While we’ve discussed end of life decisions and physician assisted suicide here in the past, I’ve always found the ensuing discussions among our readers and other writers weighing in on the subject to be heavily weighted in terms of defining what “the conservative position” on the subject is. The last time we tackled the issue together it primarily revolved around the case of Brittany Maynard, the young woman with brain cancer who moved to Oregon so she could end her life on her own terms. There’s been plenty of time for that story to sink into the national consciousness since then and the nation seems to remain firmly divided on the question. But this week George Will – not exactly known for being a liberal – has chimed in with his own feelings and he seems to find some room in his heart for compassion when it comes to those making such decisions.
Physician-assisted dying has been done surreptitiously “as long as we have been practicing medicine,” says Cederquist, professor of internal medicine at the University of California at San Diego. Today, even in the 46 states without physician-assisted dying, doctors may legally offer “terminal sedation” — say, a life-shortening dose of morphine — when intense physical suffering cannot otherwise be satisfactorily alleviated. Some Catholic and other ethicists endorse a “double effect” standard: If the intent is to alleviate suffering but a consequence is death, the intent justifies the act.
Cederquist says the most common reason for requesting assistance in dying is not “intolerable physical suffering.” Rather, it is “existential suffering,” including “loss of meaning,” as from the ability to relate to others. The prospect of being “unable to interact” can be as intolerable as physical suffering and cannot be alleviated by hospice or other palliative care.
Will brings up a different case than Maynard’s, specifically the one involving Jennifer Glass. I was rather taken with a quote from her when she addressed California state legislators shortly before her death. “I’m doing everything I can to extend my life. No one should have the right to prolong my death.”
It’s a powerful argument, and one made by many patients when faced with such a difficult choice. Recently, Stephanie O’neill at CNN took a fresh look at the writings of Dr. Ken Murray, which I examined here at Hot Air last year. Rather than looking at the wishes and needs of patients versus the reaction to their plight from their legislators, Murry did some extensive research into how doctor’s themselves choose to die. It’s a telling analysis which shows that the same professionals who make available to the rest of us every means under the sun to squeeze the last few moments of life out of our existence rarely choose such drastic options for themselves.
“I fit with the vast majority that want to have a gentle death, and don’t want extraordinary measures taken when they have no meaning,” Murray says.
A majority of seniors report feeling the same way. Yet, they often die while hooked up to life support. And only about one in 10 doctors report having conversations with their patients about death.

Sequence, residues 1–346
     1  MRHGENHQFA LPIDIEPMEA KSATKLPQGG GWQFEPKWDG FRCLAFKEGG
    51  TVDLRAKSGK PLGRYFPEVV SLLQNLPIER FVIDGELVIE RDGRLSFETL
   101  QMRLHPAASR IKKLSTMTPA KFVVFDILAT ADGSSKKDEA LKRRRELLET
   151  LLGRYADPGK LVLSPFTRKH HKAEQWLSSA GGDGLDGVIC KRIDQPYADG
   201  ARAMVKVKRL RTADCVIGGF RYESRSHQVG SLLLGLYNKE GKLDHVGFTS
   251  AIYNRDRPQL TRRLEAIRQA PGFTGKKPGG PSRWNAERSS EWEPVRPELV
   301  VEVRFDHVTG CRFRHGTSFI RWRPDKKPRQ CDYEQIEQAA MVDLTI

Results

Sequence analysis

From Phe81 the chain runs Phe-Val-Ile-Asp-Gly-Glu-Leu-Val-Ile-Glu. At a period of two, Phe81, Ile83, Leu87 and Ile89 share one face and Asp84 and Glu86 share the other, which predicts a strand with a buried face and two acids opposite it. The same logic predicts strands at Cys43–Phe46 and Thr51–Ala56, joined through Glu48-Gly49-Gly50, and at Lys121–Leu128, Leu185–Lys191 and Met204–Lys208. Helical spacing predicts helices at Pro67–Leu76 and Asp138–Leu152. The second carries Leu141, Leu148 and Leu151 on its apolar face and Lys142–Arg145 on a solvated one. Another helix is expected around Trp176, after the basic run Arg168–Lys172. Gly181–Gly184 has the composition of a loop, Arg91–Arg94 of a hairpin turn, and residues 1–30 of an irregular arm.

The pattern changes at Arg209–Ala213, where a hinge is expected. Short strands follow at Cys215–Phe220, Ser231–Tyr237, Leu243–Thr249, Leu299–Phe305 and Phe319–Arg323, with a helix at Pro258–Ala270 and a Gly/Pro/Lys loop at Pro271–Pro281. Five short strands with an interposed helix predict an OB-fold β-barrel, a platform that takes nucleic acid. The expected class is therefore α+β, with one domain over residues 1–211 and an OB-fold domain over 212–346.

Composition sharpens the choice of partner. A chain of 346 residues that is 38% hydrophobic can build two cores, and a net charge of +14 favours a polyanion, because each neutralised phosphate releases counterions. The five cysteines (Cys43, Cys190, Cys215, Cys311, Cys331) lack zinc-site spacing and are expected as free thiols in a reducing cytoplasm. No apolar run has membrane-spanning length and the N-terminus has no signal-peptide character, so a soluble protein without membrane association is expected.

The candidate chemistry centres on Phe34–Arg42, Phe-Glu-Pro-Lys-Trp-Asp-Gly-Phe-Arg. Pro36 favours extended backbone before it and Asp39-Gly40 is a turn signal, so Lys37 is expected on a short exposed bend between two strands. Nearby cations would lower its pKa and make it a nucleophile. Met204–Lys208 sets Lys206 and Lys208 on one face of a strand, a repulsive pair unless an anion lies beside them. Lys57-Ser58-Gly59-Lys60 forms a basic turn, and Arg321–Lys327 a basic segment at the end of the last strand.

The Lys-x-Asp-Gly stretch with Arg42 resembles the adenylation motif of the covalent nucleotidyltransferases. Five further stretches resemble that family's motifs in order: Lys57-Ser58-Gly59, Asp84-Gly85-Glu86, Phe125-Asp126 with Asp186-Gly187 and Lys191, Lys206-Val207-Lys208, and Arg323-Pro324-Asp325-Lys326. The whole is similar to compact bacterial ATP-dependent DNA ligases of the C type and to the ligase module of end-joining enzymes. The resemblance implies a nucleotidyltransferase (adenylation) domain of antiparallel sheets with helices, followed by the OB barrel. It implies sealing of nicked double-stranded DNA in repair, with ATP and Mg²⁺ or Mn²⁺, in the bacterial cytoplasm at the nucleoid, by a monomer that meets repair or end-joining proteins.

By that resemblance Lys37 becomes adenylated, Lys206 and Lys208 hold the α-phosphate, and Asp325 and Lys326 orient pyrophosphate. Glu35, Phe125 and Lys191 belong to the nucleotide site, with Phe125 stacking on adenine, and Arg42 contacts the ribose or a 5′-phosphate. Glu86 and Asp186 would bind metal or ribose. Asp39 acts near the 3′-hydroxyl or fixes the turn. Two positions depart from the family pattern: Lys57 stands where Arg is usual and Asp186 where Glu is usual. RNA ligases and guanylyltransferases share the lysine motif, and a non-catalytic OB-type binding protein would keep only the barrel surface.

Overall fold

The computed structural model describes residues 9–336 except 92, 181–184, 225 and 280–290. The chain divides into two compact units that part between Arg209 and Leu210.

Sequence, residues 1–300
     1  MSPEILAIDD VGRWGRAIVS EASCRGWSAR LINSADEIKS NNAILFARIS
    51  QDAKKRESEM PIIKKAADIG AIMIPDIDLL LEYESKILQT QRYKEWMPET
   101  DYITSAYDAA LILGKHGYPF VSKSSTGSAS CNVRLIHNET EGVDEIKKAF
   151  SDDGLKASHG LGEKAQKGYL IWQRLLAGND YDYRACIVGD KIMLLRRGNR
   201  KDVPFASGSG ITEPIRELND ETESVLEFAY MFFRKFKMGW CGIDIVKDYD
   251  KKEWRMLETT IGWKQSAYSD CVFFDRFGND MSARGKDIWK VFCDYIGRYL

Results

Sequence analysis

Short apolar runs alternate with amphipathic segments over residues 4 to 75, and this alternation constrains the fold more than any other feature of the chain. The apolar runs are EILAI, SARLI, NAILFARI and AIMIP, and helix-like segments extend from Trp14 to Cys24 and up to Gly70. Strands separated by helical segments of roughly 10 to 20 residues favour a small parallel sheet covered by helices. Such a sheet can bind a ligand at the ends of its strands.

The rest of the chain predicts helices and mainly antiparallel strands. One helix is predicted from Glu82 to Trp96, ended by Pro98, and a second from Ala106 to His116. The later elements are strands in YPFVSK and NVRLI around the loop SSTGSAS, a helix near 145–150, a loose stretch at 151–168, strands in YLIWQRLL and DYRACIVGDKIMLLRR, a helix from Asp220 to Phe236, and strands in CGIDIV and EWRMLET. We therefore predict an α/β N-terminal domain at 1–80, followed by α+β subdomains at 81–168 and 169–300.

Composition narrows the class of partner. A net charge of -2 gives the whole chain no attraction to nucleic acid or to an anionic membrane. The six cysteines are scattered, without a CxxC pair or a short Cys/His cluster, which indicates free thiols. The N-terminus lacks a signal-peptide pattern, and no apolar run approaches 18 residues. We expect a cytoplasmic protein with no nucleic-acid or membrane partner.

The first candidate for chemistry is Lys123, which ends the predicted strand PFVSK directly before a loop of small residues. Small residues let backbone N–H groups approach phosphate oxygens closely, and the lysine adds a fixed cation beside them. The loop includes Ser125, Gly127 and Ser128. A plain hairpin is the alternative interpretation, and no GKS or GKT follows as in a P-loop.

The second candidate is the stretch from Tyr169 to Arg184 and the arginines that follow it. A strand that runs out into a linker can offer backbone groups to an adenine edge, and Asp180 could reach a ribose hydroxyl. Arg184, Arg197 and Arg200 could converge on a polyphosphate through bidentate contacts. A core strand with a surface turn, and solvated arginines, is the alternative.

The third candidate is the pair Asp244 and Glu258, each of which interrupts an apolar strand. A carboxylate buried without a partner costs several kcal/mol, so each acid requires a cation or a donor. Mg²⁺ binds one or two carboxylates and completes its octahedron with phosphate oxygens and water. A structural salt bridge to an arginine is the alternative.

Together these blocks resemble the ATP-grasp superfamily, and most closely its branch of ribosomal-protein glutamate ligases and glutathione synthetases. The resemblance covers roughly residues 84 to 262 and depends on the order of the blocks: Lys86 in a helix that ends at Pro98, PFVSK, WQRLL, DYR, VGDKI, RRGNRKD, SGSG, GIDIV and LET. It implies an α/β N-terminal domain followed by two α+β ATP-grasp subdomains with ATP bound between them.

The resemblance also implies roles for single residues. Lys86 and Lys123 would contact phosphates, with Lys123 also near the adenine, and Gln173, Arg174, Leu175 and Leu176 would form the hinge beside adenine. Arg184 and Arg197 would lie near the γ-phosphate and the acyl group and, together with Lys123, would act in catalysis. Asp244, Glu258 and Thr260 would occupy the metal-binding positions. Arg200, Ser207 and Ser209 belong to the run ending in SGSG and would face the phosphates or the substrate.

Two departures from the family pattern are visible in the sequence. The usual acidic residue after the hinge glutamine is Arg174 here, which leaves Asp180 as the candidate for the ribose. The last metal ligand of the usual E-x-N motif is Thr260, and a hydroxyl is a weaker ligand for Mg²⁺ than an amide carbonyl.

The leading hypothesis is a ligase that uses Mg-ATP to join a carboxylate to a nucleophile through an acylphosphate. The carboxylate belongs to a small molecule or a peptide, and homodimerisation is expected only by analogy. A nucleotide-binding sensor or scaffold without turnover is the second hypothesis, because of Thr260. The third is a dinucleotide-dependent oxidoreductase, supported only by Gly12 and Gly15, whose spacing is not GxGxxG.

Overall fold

One reason for the disconnect, says Dr. Babak Goldman, is that too few doctors are trained to talk about death with their patients. “We’re trained to prolong life,” he says.
All persuasive arguments, but I don’t want to give the impression that I haven’t heard the arguments from the other side in this discussion. One of the most common is the idea of a slippery slope which could lead to death panels or simply cases where doctors take the easy way out for patients less able to pay their bills. In my experience, slippery slopes are very real and we ignore them at our peril. But returning to George Will’s piece, he acknowledges the same and yet still comes up with an admirable answer.
Today’s culture of casual death (see the Planned Parenthood videos) should deepen worries about a slippery slope from physician-assisted dying to a further diminution of life’s sanctity. Life, however, is inevitably lived on multiple slippery slopes: Taxation could become confiscation, police could become instruments of oppression, public education could become indoctrination, etc. Everywhere and always, civilization depends on the drawing of intelligent distinctions.
In the end, Will makes a good case for recognizing the needs and beliefs of people on both sides of the argument. He talks about the nobility in suffering bravely borne, while at the same time citing the distinctive human dignity of autonomous choice. It’s no doubt one of the most painful choices many people will ever make, but in the end, isn’t that what this is all about? It should not be the place of the government to tell you when you should die, but at the same time are we to place the power in the government’s hands to tell you that you must go on living under terminal distress? In the end it’s not the government who will hold you accountable for the path you choose. That will come down to you and the Almighty.
Food for thought this weekend.